Consuming vinegar with a meal reduces the spike in blood sugar, insulin, and triglycerides, and it appears to work particularly well in those who are insulin resistant and on their way to type 2 diabetes. No wonder the consumption of vinegar with meals was used as a folk medicine for the treatment of diabetes before diabetes drugs were invented.
Many cultures have taken advantage of this fact by mixing vinegar with high glycemic foods. For example, in Japan, they use vinegar in rice to make sushi, and, in the Mediterranean, they dip bread into balsamic vinegar. Throughout Europe, a variety of sourdough breads can lower both blood sugar and insulin spikes.
You can get the same effect by adding vinegar to boiled white potatoes then cooling them to make potato salad. Adding vinegar to white bread doesn’t just lower blood sugar and insulin responses, it increases satiety, or the feeling of being full after a meal. A study found that if you eat three slices of white bread, it may fill you up a little, but in less than two hours, you’re hungrier than when you began eating. If you eat that same amount of bread with some vinegar, though, you feel twice as full and, even two hours later, still feel nearly just as full as if you had just eaten the three pieces of bread plain.
But this remarkable increase and prolongation of satiety took nearly two tablespoons of vinegar. That’s a lot of vinegar. What’s the right amount? It turns out that even just two teaspoons of vinegar with a meal can significantly decrease the blood sugar spike of a refined carb meal, a bagel and juice, for instance. You could easily add two teaspoons of vinaigrette to a little side salad or two teaspoons of vinegar to some tea with lemon. Or you could scrap the bagel with juice and just have some oatmeal with berries instead.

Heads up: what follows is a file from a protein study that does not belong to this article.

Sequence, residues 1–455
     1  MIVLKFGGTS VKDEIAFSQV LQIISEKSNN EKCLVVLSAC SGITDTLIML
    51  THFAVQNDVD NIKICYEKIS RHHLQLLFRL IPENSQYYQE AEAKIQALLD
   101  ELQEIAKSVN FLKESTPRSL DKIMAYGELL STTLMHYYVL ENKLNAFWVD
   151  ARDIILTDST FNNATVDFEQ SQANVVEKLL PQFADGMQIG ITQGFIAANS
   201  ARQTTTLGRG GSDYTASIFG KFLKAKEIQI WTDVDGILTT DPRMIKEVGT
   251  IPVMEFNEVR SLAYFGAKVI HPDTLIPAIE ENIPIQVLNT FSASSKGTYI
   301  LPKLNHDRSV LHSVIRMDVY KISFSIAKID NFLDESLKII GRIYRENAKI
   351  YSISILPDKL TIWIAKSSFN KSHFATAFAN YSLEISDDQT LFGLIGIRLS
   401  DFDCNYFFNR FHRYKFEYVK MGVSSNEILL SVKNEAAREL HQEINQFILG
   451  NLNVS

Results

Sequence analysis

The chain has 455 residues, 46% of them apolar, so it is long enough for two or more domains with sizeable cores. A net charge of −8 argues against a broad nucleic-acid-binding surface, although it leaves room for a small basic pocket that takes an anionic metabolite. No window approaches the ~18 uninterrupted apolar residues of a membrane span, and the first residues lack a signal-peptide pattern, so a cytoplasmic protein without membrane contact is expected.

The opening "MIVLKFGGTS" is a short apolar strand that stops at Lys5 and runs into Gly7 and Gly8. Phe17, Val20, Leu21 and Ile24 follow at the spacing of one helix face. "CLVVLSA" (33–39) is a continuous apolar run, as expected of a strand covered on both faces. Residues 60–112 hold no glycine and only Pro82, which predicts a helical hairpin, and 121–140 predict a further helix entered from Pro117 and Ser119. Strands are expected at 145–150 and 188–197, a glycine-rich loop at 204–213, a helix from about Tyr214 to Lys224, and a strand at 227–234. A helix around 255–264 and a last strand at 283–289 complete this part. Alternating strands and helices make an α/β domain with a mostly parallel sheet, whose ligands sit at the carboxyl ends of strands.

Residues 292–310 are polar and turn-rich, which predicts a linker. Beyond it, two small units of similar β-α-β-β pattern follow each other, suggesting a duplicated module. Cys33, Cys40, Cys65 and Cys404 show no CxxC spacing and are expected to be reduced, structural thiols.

What if you consume vinegar every day for months? Researchers at Arizona State University randomized pre-diabetics to take daily either a bottle of an apple cider vinegar drink, a half bottle at lunch, and the remaining half at dinner, or an apple cider vinegar tablet, which was pretty much considered to be a placebo control. While the bottled drink contained two tablespoons of vinegar, the two tablets only contained about one third of a teaspoon. So in effect, the study was comparing about 40 spoonfuls of vinegar a week to 2 spoonfuls for 12 weeks. What happened? On the vinegar drink, fasting blood sugars dropped by 16 points within one week. How significant is a drop of 16 points?
Well, this simple dietary tweak of a tablespoon of vinegar twice a day worked better than the leading drugs like Glucophage and Avandia. This effect of vinegar is particularly noteworthy when comparing the cost, access, and toxicities associated with pharmaceutical medications. So the vinegar is safer, cheaper, and more effective. This could explain why it’s been used medicinally since antiquity. Interestingly, even the tiny amount of vinegar in pill form seemed to help a bit. That’s astonishing. And, no: The study was not funded by a vinegar company.
What about long-term vinegar use in diabetics? To investigate this, researchers randomized subjects into one of three groups. One group took two tablespoons of vinegar twice a day, with lunch and supper. Another group ate two dill pickles a day, which each contained about a half tablespoon’s worth of vinegar. A third group took one vinegar pill twice a day, each containing only one sixteenth of a teaspoon’s worth of vinegar. I wasn’t surprised that the small dose in the pill didn’t work, but neither did the pickles. Maybe one tablespoon a day isn’t enough for diabetics? Regardless, the vinegar did work. This was all the more impressive because the diabetics were mostly well controlled on medication and still saw an additional benefit from the vinegar.